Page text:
School of Athen by Raphael

Liberal Studies 311: Ancient Times, Ancient Ways F13N01 Course Outline

Gods and Nature

Course Description

Traditional religious belief in the ancient days of Greece and Rome was centred on a rich pantheon of gods and demi-gods, all of whom were inextricably part of the natural world. Human beings were simultaneously a part of this world and alien to it; this view of human nature gave rise to much of the tension and vibrancy of the works from this period. In this section of LBST 311, we will examine several primary works—of literature, art, and metaphysical philosophy—that provide insight into how the ancient Greeks and Romans saw the world and themselves. We will look at several narratives about the gods, and their conflicts with each other and with human beings; at two dramatic works that call into question whether humans can live in harmony with such a world; and at several works of metaphysics—including some of the earliest extant writings from the Greek period—with a variety of views on spirit and nature, including human nature, that sometimes run counter to the conventional religious traditions and rituals of the times.

Our study of this material will not be only an exercise in understanding the worldviews of cultures distant to us in time, however fascinating such an undertaking is. Also open to our examination is the degree to which we can trace lines of development between ancient times and our own. But we will go further even than this; while many of the details of these ancient perspectives are unfamiliar, the works we will encounter all have the power to speak to us directly across the centuries. The Greeks and Romans found questions about the nature and purpose of human life, as well as our place in the cosmos, to be as urgent as we have found them, and their inquiries and thoughts on these perennial matters can inform and enrich our own.

I will give the occasional brief background lecture, and there will be one art workshop during the term, but the course will be conducted primarily through seminar discussion; the greatest percentage of your final grade will be a mark for your seminar participation (see more details below). You will also be required to complete, in addition to the more traditionally academic essay assignment, two projects that will give you an opportunity to respond to the course material in less conventional ways: by creating an original work of art, and by conducting an observational study of an aspect of the natural world, following the example of the early metaphysicians.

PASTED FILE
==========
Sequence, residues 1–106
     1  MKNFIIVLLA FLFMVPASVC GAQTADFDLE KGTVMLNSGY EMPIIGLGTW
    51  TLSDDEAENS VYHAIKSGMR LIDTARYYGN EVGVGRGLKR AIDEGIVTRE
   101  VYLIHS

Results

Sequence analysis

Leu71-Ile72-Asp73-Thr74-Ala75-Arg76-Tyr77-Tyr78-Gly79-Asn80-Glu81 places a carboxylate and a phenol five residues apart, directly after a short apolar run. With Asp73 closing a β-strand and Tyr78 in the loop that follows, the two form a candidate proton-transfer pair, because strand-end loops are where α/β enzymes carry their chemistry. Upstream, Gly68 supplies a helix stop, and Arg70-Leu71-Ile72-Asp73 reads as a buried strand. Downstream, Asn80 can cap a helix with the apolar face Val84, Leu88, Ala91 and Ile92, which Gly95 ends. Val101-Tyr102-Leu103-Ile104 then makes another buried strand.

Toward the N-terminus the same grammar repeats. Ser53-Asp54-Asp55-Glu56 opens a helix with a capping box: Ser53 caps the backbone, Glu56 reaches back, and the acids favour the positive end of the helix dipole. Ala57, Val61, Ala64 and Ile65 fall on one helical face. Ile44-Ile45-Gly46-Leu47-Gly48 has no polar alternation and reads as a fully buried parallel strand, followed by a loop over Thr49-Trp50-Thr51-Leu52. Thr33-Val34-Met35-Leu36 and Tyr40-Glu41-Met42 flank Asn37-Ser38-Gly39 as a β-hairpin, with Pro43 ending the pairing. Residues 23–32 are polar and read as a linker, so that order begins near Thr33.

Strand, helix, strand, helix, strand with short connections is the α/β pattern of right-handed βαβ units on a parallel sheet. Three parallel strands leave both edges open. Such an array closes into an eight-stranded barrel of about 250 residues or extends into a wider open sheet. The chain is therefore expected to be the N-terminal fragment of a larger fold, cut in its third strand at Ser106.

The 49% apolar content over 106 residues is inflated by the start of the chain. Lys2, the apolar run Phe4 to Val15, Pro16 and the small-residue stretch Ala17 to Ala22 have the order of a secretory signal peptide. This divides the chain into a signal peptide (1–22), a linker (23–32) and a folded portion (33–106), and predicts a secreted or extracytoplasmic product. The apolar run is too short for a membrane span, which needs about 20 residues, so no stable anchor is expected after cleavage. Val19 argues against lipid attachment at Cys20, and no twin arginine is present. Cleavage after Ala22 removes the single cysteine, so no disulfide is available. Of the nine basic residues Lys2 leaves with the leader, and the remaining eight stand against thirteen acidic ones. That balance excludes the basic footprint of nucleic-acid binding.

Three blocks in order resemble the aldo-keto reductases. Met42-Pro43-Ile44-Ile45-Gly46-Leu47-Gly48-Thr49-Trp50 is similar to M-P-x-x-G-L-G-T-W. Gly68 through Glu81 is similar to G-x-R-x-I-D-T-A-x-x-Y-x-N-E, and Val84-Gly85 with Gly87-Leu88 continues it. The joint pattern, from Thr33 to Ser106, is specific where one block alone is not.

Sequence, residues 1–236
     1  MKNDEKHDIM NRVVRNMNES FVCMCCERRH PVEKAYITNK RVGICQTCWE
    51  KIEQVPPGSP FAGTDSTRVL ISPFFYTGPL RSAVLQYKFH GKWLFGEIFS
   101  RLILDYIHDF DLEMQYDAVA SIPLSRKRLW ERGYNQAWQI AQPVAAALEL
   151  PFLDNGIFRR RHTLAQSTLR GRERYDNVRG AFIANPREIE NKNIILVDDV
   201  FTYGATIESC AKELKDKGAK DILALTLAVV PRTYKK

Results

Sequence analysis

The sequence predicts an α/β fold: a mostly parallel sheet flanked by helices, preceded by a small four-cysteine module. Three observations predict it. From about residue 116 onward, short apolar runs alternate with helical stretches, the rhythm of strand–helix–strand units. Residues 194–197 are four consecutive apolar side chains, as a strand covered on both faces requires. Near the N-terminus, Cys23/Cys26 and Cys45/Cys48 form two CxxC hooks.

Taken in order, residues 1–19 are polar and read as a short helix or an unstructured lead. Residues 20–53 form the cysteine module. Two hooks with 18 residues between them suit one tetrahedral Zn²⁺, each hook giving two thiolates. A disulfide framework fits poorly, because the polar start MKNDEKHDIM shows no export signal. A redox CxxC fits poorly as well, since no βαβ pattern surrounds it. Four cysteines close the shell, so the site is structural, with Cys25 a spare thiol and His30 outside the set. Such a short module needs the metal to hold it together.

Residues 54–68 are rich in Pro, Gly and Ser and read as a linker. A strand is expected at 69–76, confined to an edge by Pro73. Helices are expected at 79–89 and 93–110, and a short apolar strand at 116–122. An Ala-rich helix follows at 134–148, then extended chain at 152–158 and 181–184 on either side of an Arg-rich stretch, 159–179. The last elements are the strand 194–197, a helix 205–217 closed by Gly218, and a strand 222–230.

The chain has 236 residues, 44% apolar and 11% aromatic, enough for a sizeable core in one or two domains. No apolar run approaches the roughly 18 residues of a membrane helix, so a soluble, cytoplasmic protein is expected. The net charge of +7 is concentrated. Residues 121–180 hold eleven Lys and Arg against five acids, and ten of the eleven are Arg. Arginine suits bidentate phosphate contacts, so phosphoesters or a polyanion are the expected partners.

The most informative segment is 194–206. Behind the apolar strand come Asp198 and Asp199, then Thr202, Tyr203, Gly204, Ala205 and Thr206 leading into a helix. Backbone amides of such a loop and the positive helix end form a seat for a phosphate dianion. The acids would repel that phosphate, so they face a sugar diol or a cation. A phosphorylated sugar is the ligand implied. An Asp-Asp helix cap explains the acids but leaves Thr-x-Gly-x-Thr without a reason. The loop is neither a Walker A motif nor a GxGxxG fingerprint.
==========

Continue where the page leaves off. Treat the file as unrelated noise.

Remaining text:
Maureen Okun

Office hours: Thursdays 1:30-3:30, or by appointment

Office: Bldg. 355, rm. 334
Phone: 250-753-3245, Ext. 2174


Hesiod, Theogony and Works and Days , trans. West (Oxford World's Classics, ISBN: 9780192839411)

Homeric Hymns , trans. Ruden (Hackett, ISBN: 9780872207257)

Ovid, Metamorphoses , trans. Lombardo (Hackett, ISBN: 9781603843058)

Lucretius, On the Nature of Things , trans. Smith (Hackett, ISBN: 9780872205871)

A Presocratic Reader , trans. McKirahan and Curd (Hackett, ISBN: 9781603843058)

Plato, Timaeus and Critias , trans. Waterfield (Oxford World's Classics, ISBN: 9780192807359)

Boardman, Greek Art , 4 th ed. (Thames & Hudson, ISBN: 9780500202920)

Sophocles, Oedipus the King , trans. Johnston (Richer Resources, ISBN: 9780979757112)

Euripides, The Bacchae , trans. Johnston (Richer Resources, ISBN: 9780979757129)

Course Grading

(See the end of this outline for descriptions of each assignment)

Seminar participation 28%
Essay 24%
Art Project 24%
Natural Philosophy Project 24%

Course Syllabus

1) Sept. 5 Introduction to the course

2) Sept. 12 Hesiod: Theogony and Works and Days

3) Sept. 19 Homeric Hymns

4) Sept. 26 Ovid: Metamorphoses —the following selections:
Book 1
Book 2, Phaëthon and Phoebus ; Callisto ; Jupiter and Europa
Book 3
Book 5, Hymn to Ceres